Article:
Three Far North primary schools have been recognised for their commitment to creating a “gold standard” healthy environment for students. This is how they did it.
A thriving tuckshop offering healthy food options and hands-on nutrition workshops are among the initiatives that have helped a Far North primary school reach a coveted milestone.
The program, which has also been adopted by Julatten State School and Jubilee Christian College in Atherton, uses a range of initiatives to boost fruit and vegetable consumption in primary school children.
Mossman State School principal Randal Smith said the school could not be prouder to be one of the first to meet the Healthy Eats “gold standard”.
“Mostly I feel privileged that we have been able to take our community, our students and our staff on a journey of discovery,” Mr Smith said.
“Our school improvement journey, together with the Healthy Eats program, has enabled us to partner with our Aboriginal community in a positive way and help change the eating habits of some of our vulnerable families up at Mossman Gorge, and that has been really powerful.”
To achieve accreditation, schools work towards 10 key Healthy Eats benchmarks, ranging from breakfast programs and establishing a vegetable garden to daily “brain breaks” for children and teachers, professional development for teachers and tuckshop menu audits.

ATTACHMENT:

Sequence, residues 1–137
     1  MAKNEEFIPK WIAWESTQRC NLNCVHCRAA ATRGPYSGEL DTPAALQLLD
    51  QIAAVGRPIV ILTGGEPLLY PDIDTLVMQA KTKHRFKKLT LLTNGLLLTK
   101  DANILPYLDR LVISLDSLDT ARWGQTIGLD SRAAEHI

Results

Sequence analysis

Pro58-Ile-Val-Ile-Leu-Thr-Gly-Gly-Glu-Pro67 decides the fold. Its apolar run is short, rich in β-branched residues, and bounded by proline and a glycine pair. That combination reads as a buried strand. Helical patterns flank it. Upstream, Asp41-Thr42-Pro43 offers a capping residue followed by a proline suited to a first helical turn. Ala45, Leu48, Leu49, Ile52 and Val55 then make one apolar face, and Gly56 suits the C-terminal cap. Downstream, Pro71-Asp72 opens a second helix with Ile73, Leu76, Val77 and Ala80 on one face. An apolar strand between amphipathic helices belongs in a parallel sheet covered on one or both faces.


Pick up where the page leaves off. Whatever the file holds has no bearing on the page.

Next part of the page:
Mr Smith said Mossman had made substantial changes to its tuckshop to create a healthy menu that was a hit with families and students.
“ … The tuckshop is thriving as a result. We’ve even needed to bring on a new member of staff to keep up with tuckshop demand,” he said.
The school has also benefited from a hands-on nutrition workshop delivered to Year 5 students.
Life Education Queensland CEO Michael Fawsitt said the Healthy Eats program had gone from strength to strength since launching three years ago.
*As seen published in The Cairns Post on 13 October 2021.